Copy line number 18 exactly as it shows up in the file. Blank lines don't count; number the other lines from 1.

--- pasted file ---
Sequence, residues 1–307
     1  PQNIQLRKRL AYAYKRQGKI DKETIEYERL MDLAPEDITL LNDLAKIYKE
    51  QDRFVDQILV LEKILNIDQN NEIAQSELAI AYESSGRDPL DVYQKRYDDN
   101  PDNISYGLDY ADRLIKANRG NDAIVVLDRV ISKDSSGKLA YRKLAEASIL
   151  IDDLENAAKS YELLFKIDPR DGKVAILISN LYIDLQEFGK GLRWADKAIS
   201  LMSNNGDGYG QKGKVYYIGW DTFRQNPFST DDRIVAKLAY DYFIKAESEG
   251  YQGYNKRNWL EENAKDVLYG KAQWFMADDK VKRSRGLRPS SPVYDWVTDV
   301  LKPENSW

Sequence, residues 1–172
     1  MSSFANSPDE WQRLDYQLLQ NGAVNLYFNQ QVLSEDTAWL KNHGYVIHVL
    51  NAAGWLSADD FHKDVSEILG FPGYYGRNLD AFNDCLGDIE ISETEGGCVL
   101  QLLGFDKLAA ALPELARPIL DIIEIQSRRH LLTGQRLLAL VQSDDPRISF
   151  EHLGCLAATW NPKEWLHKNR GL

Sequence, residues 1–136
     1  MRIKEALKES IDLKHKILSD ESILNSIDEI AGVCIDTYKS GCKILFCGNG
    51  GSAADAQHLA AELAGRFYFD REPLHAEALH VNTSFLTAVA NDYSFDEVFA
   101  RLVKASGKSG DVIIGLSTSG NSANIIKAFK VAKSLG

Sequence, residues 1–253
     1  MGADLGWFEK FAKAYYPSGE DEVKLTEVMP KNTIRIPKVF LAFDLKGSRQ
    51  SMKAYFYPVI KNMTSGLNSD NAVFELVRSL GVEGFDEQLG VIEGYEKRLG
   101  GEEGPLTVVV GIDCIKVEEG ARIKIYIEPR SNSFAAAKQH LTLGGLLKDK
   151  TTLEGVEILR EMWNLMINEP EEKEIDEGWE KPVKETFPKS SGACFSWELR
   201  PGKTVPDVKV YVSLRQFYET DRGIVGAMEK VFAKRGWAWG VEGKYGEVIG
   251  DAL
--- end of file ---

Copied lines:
Sequence, residues 1–253